|Place||Europe: United Kingdom|
|Measurement||465 mm (H) x 518 mm (L) x 310 mm (D)|
|Physical description||bronze cast by John Galizia and Sons 1970 London; plaster cast 1943 London|
John Galizia and Sons
|Place made||United Kingdom: England, Greater London, London|
Second World War, 1939-1945
Item copyright: AWM Licensed copyright
Flight Lieutenant Allan Triggs
Lieutenant Allan William Russell Triggs, MBE, DFC of 172 Squadron RAAF. In August 1943 Lieutenant Triggs was engaged in night patrol duties over the Bay of Biscay when one engine of his Wellington failed and he was forced to ditch in the sea. Owing to Trigg's actions, the crew survived the crash and the next six days at sea until they could be rescued. Trigg's courage and leadership during this ordeal led to the award of the MBE. Later in 1942 and in 1943 Triggs carried out aerial night attacks on submarines, on one occasion returning successfully after an engine had fallen from his aircraft into the sea. For these actions Triggs and his navigator, Colin Badham, received the DFC.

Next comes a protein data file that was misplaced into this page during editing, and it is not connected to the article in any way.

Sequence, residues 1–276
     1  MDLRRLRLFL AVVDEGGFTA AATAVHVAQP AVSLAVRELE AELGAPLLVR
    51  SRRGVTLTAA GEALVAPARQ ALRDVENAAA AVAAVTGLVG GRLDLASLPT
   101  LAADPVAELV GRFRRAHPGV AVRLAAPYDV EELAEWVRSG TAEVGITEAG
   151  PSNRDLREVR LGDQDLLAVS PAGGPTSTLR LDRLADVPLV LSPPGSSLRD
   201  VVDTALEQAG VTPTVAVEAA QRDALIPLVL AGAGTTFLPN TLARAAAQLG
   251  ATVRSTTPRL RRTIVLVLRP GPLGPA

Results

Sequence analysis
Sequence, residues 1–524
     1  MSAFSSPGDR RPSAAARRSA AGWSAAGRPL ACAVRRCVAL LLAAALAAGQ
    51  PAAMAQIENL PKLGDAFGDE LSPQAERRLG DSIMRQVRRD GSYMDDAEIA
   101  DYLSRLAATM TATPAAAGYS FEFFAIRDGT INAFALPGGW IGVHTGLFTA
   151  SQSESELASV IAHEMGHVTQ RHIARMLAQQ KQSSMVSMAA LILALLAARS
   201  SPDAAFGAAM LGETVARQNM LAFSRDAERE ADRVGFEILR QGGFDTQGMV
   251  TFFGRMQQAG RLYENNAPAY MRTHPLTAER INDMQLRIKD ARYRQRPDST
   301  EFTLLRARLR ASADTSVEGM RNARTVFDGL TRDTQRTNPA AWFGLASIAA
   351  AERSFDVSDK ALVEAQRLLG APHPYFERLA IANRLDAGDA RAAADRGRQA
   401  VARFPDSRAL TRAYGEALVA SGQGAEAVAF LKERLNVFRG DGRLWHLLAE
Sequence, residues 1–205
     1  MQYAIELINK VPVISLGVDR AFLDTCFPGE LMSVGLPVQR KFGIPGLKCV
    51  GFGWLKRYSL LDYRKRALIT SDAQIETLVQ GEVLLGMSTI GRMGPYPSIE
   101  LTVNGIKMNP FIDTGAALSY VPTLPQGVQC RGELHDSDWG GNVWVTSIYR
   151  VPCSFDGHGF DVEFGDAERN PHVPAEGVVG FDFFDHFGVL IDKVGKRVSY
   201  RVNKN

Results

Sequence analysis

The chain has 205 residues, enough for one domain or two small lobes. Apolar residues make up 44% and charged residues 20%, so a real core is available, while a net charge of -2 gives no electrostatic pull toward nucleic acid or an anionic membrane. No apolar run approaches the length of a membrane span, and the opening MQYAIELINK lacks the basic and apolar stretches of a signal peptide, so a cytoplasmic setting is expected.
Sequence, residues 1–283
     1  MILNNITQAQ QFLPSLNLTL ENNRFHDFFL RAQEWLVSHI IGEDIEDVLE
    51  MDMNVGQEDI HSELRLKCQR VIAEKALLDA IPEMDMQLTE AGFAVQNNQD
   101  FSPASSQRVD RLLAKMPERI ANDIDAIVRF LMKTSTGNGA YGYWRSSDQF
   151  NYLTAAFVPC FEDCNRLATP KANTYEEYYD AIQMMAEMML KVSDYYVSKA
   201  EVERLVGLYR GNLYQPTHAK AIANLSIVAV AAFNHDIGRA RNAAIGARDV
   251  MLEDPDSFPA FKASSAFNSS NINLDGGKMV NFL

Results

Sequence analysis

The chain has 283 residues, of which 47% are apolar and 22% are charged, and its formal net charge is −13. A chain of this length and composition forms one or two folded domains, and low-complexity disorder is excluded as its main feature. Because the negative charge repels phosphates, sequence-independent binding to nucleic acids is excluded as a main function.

Triggs was one of seven airmen who posed for Barbara Tribe, an Australian sculptor who was desperately seeking to maintain her sculptural work in wartime England. The busts were created under difficult conditions and the sculpting had to be squeezed into the evening hours, yet Tribe had official sanction and the assistance of Air Vice Marshal Henry Wrigley, who arranged for the airmen to sit for her. The busts were executed swiftly and surely over half a dozen two hour sittings. Lieutenant Triggs' bust was originally cast in plaster in 1943 however in 1970 a bronze cast was created and was acquired by the Australian War Memorial.